'A livewire impossible to pigeonhole' The Times
Tansy Davies (b. 1973) characterises the role of the solo saxophone in her 2004 work Iris as that of ‘a shaman, or one who walks between worlds’. In doing so she also describes herself – a musician whose boundary-breaking curiosity makes her a truly distinctive voice. With a background as a horn player, electric guitarist and vocalist, Davies studied composition with Simon Bainbridge at the Guildhall School of Music & Drama and with Simon Holt at Royal Holloway. In 2004 Davies’s neon, a gritty collage of twisted modernist funk written for the Composers Ensemble, quickly became her calling card and continues to be performed internationally.
The recipient of a 2009 Paul Hamlyn Award, Davies has written works for numerous world-class orchestras, including Tilting (2005) for the London Symphony Orchestra and Wild Card, premiered by the BBC Symphony Orchestra at the 2010 Proms. Her music has been championed internationally by ensembles including the Toronto Symphony Orchestra, BBC National Orchestra of Wales, Orkest de Ereprijs, Ensemble intercontemporain, the Tokyo Symphony Orchestra, and The Israel Contemporary Players, and at festivals including MaerzMusik, Leeds Lieder, Ultima, Présences, and Warsaw Autumn.
Brilliantly imaginative and often gloriously offbeat, Davies’s work has taken its inspiration from sources as diverse as the architecture of Zaha Hadid (the 2004 trumpet concerto Spiral House), the work of Anselm Kiefer (Falling Angel), and the photography of Claude Cahun (2021’s Monolith: I Extend My Arms for Britten Sinfonia). Davies’s long fascination with the music of the Troubadours finds expression in her Song of Pure Nothingness and Troubairitz, the 2010 song cycle for soprano and percussion that gave its name to a portrait disc on Nonclassical.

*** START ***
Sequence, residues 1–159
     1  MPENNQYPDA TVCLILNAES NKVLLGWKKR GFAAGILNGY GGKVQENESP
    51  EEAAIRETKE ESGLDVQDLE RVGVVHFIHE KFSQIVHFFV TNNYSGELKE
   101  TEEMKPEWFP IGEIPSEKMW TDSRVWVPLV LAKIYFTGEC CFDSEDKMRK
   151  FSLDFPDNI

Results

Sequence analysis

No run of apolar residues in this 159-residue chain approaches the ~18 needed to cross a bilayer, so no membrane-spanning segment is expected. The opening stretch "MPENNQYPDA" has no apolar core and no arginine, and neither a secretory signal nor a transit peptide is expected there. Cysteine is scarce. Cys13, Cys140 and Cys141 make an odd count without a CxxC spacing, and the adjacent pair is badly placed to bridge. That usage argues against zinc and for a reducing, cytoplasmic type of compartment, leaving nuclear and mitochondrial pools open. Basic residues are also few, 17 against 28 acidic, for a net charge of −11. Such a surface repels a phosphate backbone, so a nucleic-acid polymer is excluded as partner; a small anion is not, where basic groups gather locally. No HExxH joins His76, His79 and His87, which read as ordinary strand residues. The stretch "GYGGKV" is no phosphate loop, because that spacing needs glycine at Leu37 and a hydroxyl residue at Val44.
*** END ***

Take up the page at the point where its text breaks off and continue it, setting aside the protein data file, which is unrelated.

In 2011, Davies’s anthem Christmas Eve was performed at the Festival of Nine Lessons and Carols in King’s College, Cambridge and broadcast worldwide. As With Voices and With Tears – a setting of Walt Whitman for choir, string orchestra and electronics – was nominated for a 2011 South Bank Show Sky Arts Award. Davies’s collaboration with Norwegian choreographer Ingun Bjørnsgaard and composer Rolf Wallin, Omega and the Deer, premiered at the 2011 Oslo International Dance Festival. 2012 saw the premiere of a concerto for piano and ensemble, Nature, by Huw Watkins and the BCMG under Oliver Knussen, as well as the release of ‘Spine’, an all-Davies disc on the NMC label.
Davies’s critically acclaimed debut opera Between Worlds – a bold and highly individual response to the events of 9/11 to a libretto by Nick Drake – was premiered by English National Opera in 2015 in a production by Deborah Warner. It was later awarded the 2016 British Composer Award for Stage Work. Re-greening for large singing orchestra was premiered at Snape Maltings, Aldeburgh, by the National Youth Orchestra of Great Britain, who later performed the work at the 2015 BBC Proms. Forest, a concerto for four horns and orchestra, co-commissioned by the New York Philharmonic, Philharmonia Orchestra and the Warsaw Autumn Festival, was premiered in February 2017. In 2018 chamber opera Cave, commissioned by the Royal Opera House, was premiered by Mark Padmore, Elaine Mitchener, and the London Sinfonietta.
Davies has taught at the Royal Academy of Music, London, and was Associate Professor of Composition at the Jacobs School of Music, Bloomington, Indiana. Recent projects include Plumes (2019) for Royal Northern Sinfonia and Soul Canoe for Asko|Schönberg – the latter commissioned as part of a season-long residency at Amsterdam’s Concertgebouw in 2018/19. In 2022 Davies composed Stone Codes for percussionist Konstantyn Napolov and the Orkest de Ereprijs for November Music. Future projects include a new work for Asko|Schönberg, premiering April 2024.